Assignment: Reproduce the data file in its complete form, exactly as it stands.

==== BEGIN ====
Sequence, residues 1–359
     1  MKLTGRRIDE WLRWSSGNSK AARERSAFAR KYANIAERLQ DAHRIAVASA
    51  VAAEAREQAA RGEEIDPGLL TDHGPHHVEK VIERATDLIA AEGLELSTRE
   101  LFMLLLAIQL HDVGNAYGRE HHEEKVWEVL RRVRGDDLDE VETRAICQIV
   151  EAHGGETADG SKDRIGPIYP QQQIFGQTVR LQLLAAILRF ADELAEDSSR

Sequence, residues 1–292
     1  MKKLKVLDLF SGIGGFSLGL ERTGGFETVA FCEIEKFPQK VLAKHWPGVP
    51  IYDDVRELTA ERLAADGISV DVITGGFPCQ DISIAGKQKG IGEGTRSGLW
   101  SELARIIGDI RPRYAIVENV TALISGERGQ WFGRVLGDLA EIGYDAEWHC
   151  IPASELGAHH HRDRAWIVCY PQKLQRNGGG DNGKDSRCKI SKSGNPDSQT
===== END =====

Sequence, residues 1–359
     1  MKLTGRRIDE WLRWSSGNSK AARERSAFAR KYANIAERLQ DAHRIAVASA
    51  VAAEAREQAA RGEEIDPGLL TDHGPHHVEK VIERATDLIA AEGLELSTRE
   101  LFMLLLAIQL HDVGNAYGRE HHEEKVWEVL RRVRGDDLDE VETRAICQIV
   151  EAHGGETADG SKDRIGPIYP QQQIFGQTVR LQLLAAILRF ADELAEDSSR

Sequence, residues 1–292
     1  MKKLKVLDLF SGIGGFSLGL ERTGGFETVA FCEIEKFPQK VLAKHWPGVP
    51  IYDDVRELTA ERLAADGISV DVITGGFPCQ DISIAGKQKG IGEGTRSGLW
   101  SELARIIGDI RPRYAIVENV TALISGERGQ WFGRVLGDLA EIGYDAEWHC
   151  IPASELGAHH HRDRAWIVCY PQKLQRNGGG DNGKDSRCKI SKSGNPDSQT